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Urine Culture

Urine Culture

A urine culture is indicated in individuals who have symptoms of a urinary tract infection: a compelling need to urinate, often with pain and blood in the urine, sometimes with back pain or fever in the case of more severe urinary tract infections. A culture can also be ordered after a routine urine test comes back positive for bacteria and nitrites, even in the absence of symptoms. A urine culture tests for the most common bacteria and yeasts after culturing for 24 or 48 hours. The sample collection technique is particularly important, to ensure that the identified organisms actually originated from the urinary tract and not from urethral or vaginal contamination. Typically, only one type of bacteria will be present in significant quantities after culturing. If more than two types of microorganisms are present, it may be an infection with multiple pathogens, but more often it will be the result of specimen contamination.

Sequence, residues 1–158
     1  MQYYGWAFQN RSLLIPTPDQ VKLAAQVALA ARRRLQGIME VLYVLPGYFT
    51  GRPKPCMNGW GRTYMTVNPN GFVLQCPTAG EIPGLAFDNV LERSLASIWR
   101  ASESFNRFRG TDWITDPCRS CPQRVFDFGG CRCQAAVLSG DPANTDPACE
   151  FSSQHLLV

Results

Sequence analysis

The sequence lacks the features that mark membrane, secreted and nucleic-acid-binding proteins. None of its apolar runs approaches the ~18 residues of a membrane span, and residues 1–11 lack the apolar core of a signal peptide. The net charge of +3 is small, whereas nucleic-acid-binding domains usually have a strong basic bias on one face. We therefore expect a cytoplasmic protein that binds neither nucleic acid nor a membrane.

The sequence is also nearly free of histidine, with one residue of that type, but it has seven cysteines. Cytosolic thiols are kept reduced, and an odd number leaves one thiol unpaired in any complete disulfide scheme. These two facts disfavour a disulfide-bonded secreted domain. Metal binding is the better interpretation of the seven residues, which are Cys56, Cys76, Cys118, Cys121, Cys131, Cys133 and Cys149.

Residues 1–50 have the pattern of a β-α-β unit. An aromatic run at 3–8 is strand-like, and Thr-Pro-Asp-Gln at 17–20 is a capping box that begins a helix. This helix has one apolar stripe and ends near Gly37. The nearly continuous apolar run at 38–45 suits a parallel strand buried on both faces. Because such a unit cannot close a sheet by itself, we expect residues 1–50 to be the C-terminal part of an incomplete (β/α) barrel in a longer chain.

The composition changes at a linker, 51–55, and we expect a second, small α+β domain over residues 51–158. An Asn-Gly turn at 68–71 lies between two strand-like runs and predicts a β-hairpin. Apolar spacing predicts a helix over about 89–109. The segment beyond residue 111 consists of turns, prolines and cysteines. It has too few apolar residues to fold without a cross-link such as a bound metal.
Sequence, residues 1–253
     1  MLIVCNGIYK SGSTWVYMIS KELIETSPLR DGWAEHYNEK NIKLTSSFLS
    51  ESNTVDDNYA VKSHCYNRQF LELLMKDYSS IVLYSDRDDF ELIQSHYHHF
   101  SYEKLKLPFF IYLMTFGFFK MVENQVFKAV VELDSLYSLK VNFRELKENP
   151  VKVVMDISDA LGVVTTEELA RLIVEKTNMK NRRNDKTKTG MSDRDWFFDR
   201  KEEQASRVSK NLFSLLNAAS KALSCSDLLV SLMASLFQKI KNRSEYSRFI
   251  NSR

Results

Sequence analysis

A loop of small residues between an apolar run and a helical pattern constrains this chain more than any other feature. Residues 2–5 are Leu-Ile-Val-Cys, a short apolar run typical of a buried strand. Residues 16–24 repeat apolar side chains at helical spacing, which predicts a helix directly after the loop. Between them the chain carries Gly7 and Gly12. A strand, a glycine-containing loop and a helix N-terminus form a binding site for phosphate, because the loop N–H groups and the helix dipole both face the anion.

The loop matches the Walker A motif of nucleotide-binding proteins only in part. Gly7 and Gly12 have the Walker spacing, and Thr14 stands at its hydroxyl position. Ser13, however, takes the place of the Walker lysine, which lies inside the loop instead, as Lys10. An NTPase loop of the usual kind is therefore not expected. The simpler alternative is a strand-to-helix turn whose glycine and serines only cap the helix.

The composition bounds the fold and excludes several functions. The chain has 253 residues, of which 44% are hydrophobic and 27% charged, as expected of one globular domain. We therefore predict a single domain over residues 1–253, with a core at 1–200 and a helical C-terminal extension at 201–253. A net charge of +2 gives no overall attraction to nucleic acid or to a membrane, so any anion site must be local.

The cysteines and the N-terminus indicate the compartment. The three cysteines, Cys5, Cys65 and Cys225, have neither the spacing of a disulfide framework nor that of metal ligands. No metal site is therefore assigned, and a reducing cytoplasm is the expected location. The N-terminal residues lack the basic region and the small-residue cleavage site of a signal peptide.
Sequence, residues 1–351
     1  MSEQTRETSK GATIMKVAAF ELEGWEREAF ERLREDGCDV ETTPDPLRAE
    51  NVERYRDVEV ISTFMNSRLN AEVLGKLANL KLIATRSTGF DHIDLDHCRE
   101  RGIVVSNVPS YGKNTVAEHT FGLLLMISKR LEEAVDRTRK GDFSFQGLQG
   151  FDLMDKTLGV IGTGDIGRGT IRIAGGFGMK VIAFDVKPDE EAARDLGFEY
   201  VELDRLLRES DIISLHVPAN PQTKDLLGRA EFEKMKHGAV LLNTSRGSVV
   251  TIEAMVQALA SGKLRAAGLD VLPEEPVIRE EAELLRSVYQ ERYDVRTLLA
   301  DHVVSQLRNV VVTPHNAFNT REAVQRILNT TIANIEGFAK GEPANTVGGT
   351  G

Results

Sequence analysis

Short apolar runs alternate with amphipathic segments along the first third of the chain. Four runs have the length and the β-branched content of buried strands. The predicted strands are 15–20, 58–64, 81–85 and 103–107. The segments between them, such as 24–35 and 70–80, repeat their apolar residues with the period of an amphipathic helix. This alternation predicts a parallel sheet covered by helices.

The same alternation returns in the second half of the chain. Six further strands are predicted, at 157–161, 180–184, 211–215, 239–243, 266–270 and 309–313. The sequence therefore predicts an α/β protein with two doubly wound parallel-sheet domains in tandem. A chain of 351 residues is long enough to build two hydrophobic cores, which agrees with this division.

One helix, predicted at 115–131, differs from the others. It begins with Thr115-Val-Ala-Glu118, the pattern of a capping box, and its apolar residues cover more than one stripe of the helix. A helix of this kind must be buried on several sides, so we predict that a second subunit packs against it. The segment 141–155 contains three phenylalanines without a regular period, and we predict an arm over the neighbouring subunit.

A result that shows no growth after 24 or 48 hours is generally consistent with no urinary tract infection. If symptoms persist, a urine culture should be repeated on another sample to identify the bacteria that were present in small amounts in the original collection or, upon request by the ordering physician, to look for other microorganisms that could be causing the symptoms.

Term of the Week

Predictive medicine

Medicine that links medical knowledge with data to predict a patient’s potential health problems. Examples include artificial intelligence and genetics.